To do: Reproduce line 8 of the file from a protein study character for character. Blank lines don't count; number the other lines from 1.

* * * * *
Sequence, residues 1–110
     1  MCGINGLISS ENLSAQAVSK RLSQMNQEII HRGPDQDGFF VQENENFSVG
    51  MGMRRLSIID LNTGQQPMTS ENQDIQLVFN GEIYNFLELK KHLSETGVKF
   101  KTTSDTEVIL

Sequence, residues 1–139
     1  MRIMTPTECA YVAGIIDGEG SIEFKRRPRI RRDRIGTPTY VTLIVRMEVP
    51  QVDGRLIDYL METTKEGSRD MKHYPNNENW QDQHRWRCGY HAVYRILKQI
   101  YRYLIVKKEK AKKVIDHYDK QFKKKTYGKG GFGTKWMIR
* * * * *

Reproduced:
   101  YRYLIVKKEK AKKVIDHYDK QFKKKTYGKG GFGTKWMIR